Meditations on Bread and Wine


I.  According to Zoroastrian legend, Ahura Mazdao bestowed upon Zarathustra a remarkable gift. It came to him in a dream: a golden knife cutting open the earth. The plough. Agriculture, that is, is a blessing, a gift of the gods. Soon after receiving this miracle, Zarathustra derived all grains from the lily, all fruits from the rose. In the language of botany, this translates as monocotyledon and dicotyledon. In the languages of poetry and of the sacred, this translates as bread and wine.

II.  Homer is a great religious poet, and The Odyssey is a great religious poem. Odysseus accepts his suffering, never blaming the gods, always, instead, relying on their mercy. Even when it doesn’t arrive. He trusts that they will bring him home to his wife and child, the poetic center of the epic as well as the poetic center of human history. He never forgets to honor the undying ones with libations of wine. When Odysseus’ son, Telemachus, leaves home to search for word of his father, Homer tells us, “The mistress of the stores brought up provisions / of bread and wine, with victuals fit for kings.” Young Dawn comes bright in the east, spreading her fingertips of rose.

III.  Fermentation is the basis of civilization. Where would we be without wind-borne yeast dropping invisibly into a plate of ground seeds one day in the distant past, or sprinkled, undetected, into a clay jar of wild grape juice? Where would we be without the fungi that turn curdled milk solids into cheese? The oldest written document ever found is a recipe for beer. It was worth the invention of writing, just for that.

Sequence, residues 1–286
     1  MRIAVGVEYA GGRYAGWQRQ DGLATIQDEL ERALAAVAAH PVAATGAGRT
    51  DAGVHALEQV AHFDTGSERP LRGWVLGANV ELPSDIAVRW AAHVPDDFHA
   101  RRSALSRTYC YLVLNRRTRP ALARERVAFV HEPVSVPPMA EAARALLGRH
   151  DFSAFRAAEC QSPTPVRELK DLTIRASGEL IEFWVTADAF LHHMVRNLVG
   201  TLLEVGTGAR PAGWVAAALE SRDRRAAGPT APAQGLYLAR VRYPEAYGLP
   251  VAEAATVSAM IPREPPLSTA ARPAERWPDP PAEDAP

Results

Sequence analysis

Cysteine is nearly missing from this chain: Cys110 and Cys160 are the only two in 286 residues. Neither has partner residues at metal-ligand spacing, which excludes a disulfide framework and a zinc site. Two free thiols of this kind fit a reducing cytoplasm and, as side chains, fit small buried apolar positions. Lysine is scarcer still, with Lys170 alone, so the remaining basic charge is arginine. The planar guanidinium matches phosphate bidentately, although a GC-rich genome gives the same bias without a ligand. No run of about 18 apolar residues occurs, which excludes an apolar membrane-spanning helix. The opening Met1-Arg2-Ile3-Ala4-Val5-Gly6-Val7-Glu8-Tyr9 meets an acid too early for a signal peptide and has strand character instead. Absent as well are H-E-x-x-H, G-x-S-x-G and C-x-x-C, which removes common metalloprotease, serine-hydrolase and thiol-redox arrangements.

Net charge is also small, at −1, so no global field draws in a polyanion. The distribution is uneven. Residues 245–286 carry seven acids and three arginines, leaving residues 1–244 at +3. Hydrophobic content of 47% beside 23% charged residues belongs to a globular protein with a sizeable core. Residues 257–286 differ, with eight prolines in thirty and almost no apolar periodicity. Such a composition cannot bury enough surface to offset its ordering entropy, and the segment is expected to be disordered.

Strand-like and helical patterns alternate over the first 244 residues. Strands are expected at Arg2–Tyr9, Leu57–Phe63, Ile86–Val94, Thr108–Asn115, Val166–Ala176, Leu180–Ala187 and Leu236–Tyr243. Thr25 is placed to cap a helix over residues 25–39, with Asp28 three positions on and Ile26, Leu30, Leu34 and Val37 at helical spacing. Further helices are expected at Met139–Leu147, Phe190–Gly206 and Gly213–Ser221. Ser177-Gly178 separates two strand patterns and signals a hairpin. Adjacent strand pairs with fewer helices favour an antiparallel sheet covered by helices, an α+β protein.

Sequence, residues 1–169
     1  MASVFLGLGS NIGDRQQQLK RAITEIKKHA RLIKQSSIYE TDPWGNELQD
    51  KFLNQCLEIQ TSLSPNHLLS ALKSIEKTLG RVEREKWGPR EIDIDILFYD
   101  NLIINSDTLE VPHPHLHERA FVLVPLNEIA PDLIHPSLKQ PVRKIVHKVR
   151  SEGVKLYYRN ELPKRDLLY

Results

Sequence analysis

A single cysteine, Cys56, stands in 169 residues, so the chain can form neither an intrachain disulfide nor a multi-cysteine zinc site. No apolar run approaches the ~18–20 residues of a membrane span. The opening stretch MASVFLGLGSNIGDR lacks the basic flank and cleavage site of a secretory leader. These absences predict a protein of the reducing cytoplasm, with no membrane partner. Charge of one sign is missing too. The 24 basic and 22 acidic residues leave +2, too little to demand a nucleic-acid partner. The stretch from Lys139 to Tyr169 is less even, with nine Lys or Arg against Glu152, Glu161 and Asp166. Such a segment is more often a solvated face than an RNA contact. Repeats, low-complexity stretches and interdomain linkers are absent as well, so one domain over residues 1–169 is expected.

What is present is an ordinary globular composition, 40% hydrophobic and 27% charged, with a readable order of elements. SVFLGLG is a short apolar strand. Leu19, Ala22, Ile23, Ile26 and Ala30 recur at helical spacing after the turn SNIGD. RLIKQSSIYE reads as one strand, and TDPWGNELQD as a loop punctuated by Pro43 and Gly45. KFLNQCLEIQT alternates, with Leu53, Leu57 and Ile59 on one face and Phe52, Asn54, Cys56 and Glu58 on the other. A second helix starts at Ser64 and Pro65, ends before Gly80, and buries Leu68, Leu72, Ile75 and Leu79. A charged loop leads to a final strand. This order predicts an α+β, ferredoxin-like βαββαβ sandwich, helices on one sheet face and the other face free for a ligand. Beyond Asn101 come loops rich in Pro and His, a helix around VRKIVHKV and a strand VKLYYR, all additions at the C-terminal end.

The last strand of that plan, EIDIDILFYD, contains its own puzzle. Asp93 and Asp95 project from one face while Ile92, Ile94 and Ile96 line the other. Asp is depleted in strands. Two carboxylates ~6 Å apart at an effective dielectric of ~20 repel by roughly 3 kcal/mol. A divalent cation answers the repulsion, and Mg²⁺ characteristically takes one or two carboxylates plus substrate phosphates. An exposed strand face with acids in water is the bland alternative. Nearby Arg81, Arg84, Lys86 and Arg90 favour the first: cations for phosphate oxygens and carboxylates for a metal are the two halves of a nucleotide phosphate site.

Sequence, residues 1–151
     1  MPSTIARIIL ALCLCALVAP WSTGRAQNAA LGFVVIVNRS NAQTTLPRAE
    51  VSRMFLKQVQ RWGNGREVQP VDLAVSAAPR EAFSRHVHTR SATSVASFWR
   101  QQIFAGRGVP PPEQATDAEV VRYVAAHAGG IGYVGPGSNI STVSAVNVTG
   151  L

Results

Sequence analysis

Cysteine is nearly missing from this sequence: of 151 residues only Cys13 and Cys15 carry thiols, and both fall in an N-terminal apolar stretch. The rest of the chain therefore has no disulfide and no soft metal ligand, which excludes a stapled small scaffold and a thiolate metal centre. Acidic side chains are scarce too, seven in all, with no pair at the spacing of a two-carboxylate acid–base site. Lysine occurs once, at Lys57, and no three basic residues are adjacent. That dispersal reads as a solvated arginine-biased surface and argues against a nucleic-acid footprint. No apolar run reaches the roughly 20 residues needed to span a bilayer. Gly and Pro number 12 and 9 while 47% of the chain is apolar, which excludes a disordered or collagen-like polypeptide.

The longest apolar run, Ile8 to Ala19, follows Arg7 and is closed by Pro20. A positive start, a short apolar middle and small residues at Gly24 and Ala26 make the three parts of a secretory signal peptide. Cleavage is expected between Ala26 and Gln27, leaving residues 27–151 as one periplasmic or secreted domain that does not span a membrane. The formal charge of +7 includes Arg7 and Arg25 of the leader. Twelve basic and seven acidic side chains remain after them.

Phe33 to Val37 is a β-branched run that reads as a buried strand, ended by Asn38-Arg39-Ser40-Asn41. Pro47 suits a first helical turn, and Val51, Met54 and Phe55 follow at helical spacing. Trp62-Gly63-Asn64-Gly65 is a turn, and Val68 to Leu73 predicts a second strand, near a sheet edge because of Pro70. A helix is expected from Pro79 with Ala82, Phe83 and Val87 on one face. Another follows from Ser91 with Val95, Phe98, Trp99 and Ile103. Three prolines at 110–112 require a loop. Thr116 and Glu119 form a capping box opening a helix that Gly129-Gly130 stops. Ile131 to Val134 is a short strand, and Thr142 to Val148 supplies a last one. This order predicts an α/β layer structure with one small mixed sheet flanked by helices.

IV.  Blessed art thou, O Lord our God, King of the universe, who bringest forth bread from the earth.

V.  Cultus, culture, cultivation. How could religion, art, and husbandry ever be separate from one another? Before the Reformation, ploughs were blessed on the first Monday in Lent in order to make sacred the planting of seed. When the planting of seed, the transplanting of the vine are no longer sacred actions, civilization is already dying.

VI.  God set Adam and Eve in a garden. Not in the woods. Not in a meadow. Not on a mountain. Think about that.

VII.  In the Eleusinian Mysteries, at the most sacred point of the liturgy, postulants were shown a golden ear of wheat. The Dionysian Mysteries arose in Greece with the arrival of the grape vine from Thrace.

VIII.  Now the green blade riseth from the buried grain,
Wheat that in the dark earth many years has lain;
Love lives again, that with the dead has been:
Love is come again, like wheat that springeth green.

IX.  Christ chose to communicate himself through bread and wine, body and blood. Not only does he thus enter into us, participate in our own flesh, he reminds us of the tremendous sacredness of the union of cultus, culture, and cultivation. The Vine, the Bread of Life. Mystery is not a secret, brothers and sisters, but presence, parousia.

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